Many companies are reaching their limits with their respective analytics strategies: Although, they have BI, analytics and data mining platforms at their disposal and use these to generate useful results and findings to make better-informed decisions. However, these analytics systems are frequently separate to the other existing systems, which leads to problems: The results, tables, evaluations, and analyses are often only used for one-off initiatives, or repetitive manual work is created for multiple use. To run, for example, a campaign for promoting a product, analysis and data mining tools are perfect for generating the customer information required (how probable is it that the customer will buy, which customer should be reached via email, postal mailing, or by phone). Unfortunately, this is followed by a discontinuity in the media in the further process and in relation to the operating systems: The CSV tables generated by the tool, must be put in a form that supports the operating systems (e.g., campaign systems, call center management systems, CRM system, etc.), in order to achieve the actual added value of the analysis – cost savings and increased revenue. The key is in the operationalization of valuable advanced analytics artifacts: Their transfer from (advanced analytics) labs to stable IT solutions with regular maintenance cycles means advanced analytics can bring genuine benefit to a company by directly supporting the operative business processes.
BARC user surveys indicate that companies are having difficulties with the operationalizing advanced analytics, as more than 50% of the surveyed companies that specified they currently use advanced analytics are prototyping use cases or evaluating prototypes at the moment. Only 22% have completed this phase and are deploying advanced analytics on a regular basis for aiding the decision making process (15%) or have automated important business processes (7%).
The transfer of prototypes from (advanced analytics) labs to stable IT solutions with regular maintenance cycles conceals specialist, technical, and organizational challenges, and said challenges must be considered by the data labs, IT, and departments involve in this process.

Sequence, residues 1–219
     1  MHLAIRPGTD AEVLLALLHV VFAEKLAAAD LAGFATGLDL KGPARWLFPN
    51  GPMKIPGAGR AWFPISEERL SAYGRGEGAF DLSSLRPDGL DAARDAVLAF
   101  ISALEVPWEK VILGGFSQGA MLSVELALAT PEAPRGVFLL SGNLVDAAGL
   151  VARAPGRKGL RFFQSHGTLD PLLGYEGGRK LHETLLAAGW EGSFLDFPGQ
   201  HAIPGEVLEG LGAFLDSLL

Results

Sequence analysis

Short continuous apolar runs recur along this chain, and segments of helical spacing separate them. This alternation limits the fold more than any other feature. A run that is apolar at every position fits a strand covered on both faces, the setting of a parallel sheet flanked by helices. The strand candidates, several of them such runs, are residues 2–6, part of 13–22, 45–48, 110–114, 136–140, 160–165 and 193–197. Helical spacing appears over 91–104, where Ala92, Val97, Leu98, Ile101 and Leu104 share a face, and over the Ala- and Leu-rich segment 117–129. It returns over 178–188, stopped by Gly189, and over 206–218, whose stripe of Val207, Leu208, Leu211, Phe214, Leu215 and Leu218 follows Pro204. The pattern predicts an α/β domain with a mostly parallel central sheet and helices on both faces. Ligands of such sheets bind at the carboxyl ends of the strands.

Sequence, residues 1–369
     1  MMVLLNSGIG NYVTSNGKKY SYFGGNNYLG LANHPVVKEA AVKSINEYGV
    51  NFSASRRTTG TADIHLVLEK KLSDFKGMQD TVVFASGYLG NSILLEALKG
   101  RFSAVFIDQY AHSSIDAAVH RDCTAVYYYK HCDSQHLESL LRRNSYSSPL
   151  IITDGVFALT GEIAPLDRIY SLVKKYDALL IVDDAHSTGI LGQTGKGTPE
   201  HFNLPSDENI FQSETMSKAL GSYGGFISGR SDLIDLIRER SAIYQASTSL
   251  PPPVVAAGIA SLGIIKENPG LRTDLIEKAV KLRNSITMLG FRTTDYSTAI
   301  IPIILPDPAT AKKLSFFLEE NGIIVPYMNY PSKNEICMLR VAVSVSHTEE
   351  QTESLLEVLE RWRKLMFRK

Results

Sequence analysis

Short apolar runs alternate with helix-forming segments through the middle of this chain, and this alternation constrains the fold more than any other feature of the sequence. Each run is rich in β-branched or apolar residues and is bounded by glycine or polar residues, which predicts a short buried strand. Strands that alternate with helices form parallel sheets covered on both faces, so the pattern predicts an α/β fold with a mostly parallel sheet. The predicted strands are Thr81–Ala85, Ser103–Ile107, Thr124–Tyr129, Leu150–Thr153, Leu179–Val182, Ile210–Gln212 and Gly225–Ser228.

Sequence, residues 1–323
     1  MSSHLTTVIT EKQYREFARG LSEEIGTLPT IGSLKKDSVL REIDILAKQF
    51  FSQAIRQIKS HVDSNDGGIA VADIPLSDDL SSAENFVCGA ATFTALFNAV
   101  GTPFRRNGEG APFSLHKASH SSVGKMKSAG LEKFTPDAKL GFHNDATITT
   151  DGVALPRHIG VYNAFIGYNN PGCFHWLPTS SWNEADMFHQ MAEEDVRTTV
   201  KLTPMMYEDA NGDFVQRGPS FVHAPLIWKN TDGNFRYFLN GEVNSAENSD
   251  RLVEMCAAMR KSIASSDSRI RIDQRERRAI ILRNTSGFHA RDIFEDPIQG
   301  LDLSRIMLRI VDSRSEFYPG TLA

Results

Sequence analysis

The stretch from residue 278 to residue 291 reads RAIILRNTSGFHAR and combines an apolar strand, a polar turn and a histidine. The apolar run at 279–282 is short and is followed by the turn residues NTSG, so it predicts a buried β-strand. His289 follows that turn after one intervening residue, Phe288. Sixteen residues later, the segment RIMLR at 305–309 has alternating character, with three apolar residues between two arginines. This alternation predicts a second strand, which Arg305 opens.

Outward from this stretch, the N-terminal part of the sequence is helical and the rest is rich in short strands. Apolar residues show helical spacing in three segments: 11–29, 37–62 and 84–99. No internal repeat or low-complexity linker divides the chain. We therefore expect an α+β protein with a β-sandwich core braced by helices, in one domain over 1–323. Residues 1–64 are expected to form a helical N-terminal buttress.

Labs (systems of innovation) and factories (systems of record) are frequently separate units
Data science labs can also be perceived as system of innovation. They represent a space for spirited experimentation and discovery. Trial and error are therefore part of the working process and solutions are assessed according to the added value they potentially create as well as how innovative they are. Solutions are frequently discarded or used as a benchmark for additional iterations stages. In contrast, the classic BI environment can be perceived as a system of record. Its focus is on stable and highly qualitative solutions that serve the resolving of recurring analytical questions. Efficiency is achieved by standardization, automation, and secure processes. Within the context of advanced analytics, there is an additional task for these systems of records: If highly relevant models or use cases are identified in the lab, these must be integrated in the corresponding systems. These could be scheduling BI systems or operative ERP or CRM systems.
Specialist, technical, and organizational challenges are inherent to the transfer of prototypes to stable environments with regular maintenance cycles and must be understood and implemented by the data scientists, IT, and lines of business involved in the process.
Operationalization steps appear as separate phases in the analytical cycle
The analytical cycle is usually used for structuring advanced analytics projects. It consists of the following phases: